As 2017 comes to a close, it’s the time of year to review those end-of-the-year benefit plan “action items” that may require your attention:
W-2 Reporting Requirement:
Include the full cost of health insurance on employee W-2’s that will be issued in 2018 for tax year 2017. This applies to employers who issued 250 or more W-2’s for the tax year 2016.
Action: make sure all systems are set to report this information on W-2’s.
Domestic Partner Coverage May Result in Imputed Income for Employees:
If medical, dental or other health benefits are provided to domestic partners, and if the domestic partner is not the employee’s dependent for benefit plan purposes, the portion of the company’s contribution attributable to the partner’s coverage is taxable income to the employee. In addition, the employee is not allowed to pay his/her share of the premiums attributable to such coverage pre-tax. If such employee contributions have been run through the company’s Section 125 Plan, be sure to impute income to the employee correctly. Note that these requirements do not apply to married couples.
Action: add income to W-2 where appropriate and review section 125 plan to make sure employee contributions are allocated correctly.
Long Term Disability Imputed Income:
If your LTD plan has a “gross up” or “tax choice” feature that would result in benefits being tax free to the recipient, the plan premiums are considered taxable income to the employee.
Action: impute income by adding cost of LTD premium to W-2’s.
Employer-Paid Life Insurance Amounts in Excess of $50,000:
The coverage over $50,000 results in imputed income to participants. Cost is determined by IRS Table I rates.
Action: impute income on life insurance amounts over $50,000 by adding value of insurance protection to W-2’s.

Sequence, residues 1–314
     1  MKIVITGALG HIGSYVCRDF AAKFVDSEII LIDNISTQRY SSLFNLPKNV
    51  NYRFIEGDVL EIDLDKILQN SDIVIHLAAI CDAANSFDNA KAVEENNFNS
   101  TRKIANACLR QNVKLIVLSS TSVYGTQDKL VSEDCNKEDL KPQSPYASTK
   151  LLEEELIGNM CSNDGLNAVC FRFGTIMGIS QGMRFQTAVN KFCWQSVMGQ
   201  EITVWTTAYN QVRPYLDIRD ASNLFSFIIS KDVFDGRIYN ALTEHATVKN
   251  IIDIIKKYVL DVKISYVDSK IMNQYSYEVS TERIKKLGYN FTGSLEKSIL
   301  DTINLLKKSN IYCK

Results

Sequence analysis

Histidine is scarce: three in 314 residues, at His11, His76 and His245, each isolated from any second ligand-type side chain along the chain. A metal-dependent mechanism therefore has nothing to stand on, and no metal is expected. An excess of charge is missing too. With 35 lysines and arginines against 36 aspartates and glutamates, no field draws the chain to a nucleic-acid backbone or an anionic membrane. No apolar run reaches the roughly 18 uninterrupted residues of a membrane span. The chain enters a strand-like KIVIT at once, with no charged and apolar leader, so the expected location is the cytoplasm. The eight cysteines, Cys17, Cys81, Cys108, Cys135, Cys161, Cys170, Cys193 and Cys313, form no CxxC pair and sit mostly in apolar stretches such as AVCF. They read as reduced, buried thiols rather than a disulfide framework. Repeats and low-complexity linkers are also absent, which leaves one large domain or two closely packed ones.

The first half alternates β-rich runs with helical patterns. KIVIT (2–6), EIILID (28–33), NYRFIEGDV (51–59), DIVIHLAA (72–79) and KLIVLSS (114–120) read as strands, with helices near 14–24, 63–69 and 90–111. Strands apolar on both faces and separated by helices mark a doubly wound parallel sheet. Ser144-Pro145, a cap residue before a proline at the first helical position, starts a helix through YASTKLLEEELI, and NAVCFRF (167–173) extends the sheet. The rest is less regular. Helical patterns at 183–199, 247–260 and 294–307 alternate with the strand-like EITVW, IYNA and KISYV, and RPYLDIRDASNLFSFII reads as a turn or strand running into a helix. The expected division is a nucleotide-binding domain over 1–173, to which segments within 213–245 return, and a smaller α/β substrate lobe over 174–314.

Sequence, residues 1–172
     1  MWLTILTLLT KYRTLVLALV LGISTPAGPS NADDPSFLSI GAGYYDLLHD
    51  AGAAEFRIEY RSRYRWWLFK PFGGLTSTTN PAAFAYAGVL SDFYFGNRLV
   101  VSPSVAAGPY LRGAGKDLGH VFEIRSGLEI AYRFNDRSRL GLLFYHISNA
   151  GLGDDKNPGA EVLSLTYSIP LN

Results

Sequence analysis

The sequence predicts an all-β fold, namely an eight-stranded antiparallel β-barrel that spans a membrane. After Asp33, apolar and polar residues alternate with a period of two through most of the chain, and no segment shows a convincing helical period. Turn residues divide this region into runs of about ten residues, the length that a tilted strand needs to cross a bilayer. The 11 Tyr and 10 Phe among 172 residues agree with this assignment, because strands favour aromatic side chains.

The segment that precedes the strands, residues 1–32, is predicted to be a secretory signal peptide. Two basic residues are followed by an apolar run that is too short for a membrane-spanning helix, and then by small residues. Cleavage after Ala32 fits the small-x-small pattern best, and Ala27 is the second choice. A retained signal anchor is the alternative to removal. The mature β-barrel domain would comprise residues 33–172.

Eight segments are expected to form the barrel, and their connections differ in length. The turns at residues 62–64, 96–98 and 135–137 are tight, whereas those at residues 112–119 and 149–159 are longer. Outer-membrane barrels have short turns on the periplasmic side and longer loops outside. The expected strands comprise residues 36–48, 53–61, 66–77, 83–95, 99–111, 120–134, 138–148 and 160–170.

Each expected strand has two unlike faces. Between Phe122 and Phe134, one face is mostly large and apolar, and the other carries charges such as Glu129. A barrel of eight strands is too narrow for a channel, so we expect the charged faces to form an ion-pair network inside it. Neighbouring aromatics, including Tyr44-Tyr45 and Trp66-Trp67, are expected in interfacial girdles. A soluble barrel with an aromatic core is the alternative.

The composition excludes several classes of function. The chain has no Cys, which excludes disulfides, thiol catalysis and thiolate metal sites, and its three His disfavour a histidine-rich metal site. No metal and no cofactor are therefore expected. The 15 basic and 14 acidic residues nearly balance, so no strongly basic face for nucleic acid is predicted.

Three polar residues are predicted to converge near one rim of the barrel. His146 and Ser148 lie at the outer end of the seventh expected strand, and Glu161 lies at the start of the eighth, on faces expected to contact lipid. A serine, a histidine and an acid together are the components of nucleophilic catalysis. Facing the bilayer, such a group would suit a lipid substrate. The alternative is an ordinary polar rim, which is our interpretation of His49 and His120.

Report New Salary Data to Insurance Carriers:
Employers often update earnings for benefit plan purposes once a year, often in January, to reflect prior year W-2 income to ensure proper billing and claim processing.
Action: update earnings for life and disability plans, as appropriate.
The “Centers for Medicare Services” (CMS) requires health plans to report information regarding “active covered individuals” age 45 and over. This helps CMS determine whether Medicare is a primary or secondary payer for health plan claims. Therefore, your health insurer may ask your employees for social security numbers and other information regarding themselves or their dependents. This is a legitimate request and employees should furnish the information.
Action: informational only, no action required on your part.
By now, every employer with more than 50 “Full Time Equivalent” employees should be in the final stages of planning for preparation and distribution of 1095 C forms to their employees and to the IRS.
Action: continue working with your payroll company or other vendor to finalize the reporting process.
If you have any questions about this bulletin, or employee benefit plans in general, feel free to contact a member of our benefits team.